I came across the sentence pictured above on Instagram a few weeks back. It wasn't the first time I'd seen a sentiment of the sort. Somewhere along the road "bad bitch" has become negatively connoted. I'm here to change that. I reject the notion that the phrase "bad bitch" is an unfavorable thing to be called.
Let's start with the first part of the compound. To call something or someone "bad" doesn't always imply its traditional meaning. For many years people have used the adjective to compliment people or to describe the coolness of someone/thing. Just look at Michael Jackson's 1987 hit song "Bad." It was a moment in pop culture that created a fresh definition of the word. In his autobiography Moonwalk MJ explained, "...when you're strong and good, then you're bad."
Now onto the second part. I've always used the word "bitch" lightly. I'm not offended by it, especially when it's preceded with bad. The bottom line is every thing spoken has a context. Like many terms, "bitch" needs to be interpreted situationally. So if my roommate and I are arguing and she calls me a bitch, I understand she's not giving me a compliment. But if I'm walking around the bar at work and a patron tells me my stage performance was great and he thinks I'm a bad bitch, I understand he's praising me. In a more neutral instance I can tell someone about a wild adventure I had and I may get a, "Bitch, you're crazy!" in response.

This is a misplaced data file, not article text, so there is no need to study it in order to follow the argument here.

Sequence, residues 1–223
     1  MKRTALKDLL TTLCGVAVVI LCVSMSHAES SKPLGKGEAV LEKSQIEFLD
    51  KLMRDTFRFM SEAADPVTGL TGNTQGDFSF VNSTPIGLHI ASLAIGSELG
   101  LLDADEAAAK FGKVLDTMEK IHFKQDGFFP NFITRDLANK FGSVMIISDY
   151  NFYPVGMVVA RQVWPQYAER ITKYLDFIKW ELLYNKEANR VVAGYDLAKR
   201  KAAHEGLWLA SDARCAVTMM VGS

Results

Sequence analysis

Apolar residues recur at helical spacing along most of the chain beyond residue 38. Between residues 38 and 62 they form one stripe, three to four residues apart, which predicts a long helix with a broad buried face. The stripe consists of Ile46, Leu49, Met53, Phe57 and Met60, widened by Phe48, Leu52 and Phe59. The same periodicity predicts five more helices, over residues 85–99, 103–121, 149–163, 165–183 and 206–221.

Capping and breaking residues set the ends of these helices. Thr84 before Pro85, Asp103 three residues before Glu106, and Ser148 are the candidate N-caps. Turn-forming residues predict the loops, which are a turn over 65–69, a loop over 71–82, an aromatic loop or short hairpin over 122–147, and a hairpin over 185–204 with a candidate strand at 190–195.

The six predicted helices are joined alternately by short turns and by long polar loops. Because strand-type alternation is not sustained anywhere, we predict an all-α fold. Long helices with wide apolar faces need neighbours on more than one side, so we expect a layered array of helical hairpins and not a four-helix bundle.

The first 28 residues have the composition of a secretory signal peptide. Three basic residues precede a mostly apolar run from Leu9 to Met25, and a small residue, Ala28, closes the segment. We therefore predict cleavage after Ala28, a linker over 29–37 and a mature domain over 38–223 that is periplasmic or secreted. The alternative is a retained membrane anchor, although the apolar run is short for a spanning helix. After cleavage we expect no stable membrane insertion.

I once dated a guy who thought he was being sweet by tagging me in a post similar to the one pasted above. Reading it turned me off although his intentions were pure. To me being a bad bitch means working toward something, being confident in who you are, and of course looking good while doing it.
The great thing about language is that it changes with the times. Words, terms, phrases, and slang are all subject to evolution. Now that we've established the phrase doesn't have to be taken negatively, we can go ahead and dismiss the claim that a "queen" can't simultaneously be a "bad bitch." Anyone who's witnessed the beloved soulstress Erykah Badu live (Roots Picnic 2015, anyone?!) can't deny that she embodies both.